Most of us have heard or seen some variation of the story of the Manhattan Project and the development of the atomic bomb. Most often it focuses on the gathering of brilliant physicists to tackle not on the development of the nuclear material, but also the delivery system. It is the tale of Robert Oppenheimer.
The so-called “untold story”, until now, the one of the tens of thousands of women, and men, who left their homes, their families, their friends and on the promise of work and a steady pay check left for a mysterious destination of Oakridge, Tennessee.
It’s hard to believe that a story like this could ever be duplicated. Can you for one minute imagine that in today’s day and age, anyone would accept on blind faith the notion of being sent to a secretive location that really did not exist on any map, based on the simple promise of important work, that anyone in their right mind would line up to hop on a train. That is a driving tale in the story of The Girls of Atomic City – The Untold Story of the Women Who Helped Win World War II by Denise Kiernan.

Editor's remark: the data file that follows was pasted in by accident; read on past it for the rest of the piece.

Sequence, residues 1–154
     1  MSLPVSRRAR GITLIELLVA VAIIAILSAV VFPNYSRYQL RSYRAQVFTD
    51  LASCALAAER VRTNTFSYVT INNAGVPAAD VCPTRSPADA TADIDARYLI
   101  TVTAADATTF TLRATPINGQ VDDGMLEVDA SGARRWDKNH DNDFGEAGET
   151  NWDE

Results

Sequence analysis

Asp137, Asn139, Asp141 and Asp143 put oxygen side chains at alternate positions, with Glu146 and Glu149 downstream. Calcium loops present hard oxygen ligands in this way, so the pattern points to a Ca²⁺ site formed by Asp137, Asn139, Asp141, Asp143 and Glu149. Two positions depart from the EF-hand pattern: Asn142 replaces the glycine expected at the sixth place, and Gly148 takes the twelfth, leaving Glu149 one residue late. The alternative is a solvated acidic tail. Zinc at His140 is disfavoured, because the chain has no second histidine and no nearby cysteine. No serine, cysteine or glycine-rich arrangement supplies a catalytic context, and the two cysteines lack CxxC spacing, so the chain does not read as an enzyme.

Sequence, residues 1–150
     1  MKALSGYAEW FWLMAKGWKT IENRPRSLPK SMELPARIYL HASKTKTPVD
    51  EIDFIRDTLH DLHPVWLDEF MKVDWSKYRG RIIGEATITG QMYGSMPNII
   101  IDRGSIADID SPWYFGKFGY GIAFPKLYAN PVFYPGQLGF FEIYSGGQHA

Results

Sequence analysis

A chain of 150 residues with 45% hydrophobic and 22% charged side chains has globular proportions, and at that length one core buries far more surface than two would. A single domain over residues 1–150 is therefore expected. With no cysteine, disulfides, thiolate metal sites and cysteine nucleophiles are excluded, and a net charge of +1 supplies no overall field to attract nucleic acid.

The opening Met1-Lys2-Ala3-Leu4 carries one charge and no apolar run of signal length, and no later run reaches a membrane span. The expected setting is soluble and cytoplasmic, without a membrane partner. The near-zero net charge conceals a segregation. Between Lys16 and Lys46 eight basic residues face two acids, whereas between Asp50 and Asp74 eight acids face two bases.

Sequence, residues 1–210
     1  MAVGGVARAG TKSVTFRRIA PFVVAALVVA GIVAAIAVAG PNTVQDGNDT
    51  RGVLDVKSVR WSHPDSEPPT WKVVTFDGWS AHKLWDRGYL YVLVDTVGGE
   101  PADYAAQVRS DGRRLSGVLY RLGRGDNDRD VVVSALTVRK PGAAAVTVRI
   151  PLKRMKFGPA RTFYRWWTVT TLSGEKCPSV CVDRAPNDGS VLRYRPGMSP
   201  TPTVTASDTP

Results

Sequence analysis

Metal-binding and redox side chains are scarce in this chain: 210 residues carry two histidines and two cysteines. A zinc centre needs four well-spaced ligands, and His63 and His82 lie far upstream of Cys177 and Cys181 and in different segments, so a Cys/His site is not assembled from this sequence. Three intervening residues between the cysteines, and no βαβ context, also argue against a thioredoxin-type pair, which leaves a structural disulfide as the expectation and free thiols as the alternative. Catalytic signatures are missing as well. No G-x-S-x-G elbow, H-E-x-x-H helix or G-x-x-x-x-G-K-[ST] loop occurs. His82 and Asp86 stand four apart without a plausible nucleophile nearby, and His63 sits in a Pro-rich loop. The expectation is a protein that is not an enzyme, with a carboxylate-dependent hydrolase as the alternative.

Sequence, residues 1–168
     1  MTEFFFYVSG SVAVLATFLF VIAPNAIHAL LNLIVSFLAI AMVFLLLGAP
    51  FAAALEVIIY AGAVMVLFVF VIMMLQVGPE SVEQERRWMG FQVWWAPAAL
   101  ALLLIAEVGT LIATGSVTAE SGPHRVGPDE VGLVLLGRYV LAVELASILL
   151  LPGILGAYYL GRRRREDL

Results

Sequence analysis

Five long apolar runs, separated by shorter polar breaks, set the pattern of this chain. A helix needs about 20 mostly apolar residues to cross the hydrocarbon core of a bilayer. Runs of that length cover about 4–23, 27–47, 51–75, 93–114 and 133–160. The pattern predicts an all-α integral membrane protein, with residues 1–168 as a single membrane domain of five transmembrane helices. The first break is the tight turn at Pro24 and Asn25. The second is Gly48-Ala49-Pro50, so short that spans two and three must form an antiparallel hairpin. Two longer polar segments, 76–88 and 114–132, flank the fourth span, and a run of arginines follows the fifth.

Kiernan paints a picture of not only a different era, but of the individual stories of those seemingly daring and often heroic people who dedicated a portion of their lives in the pursuit of contributing to the resolution of world conflict. It is laced with intimate portraits of these dynamic women, the seemingly overnight development of a facility that would be workplace and home to some 75,000 people as the project evolved. It is truly a remarkable tale.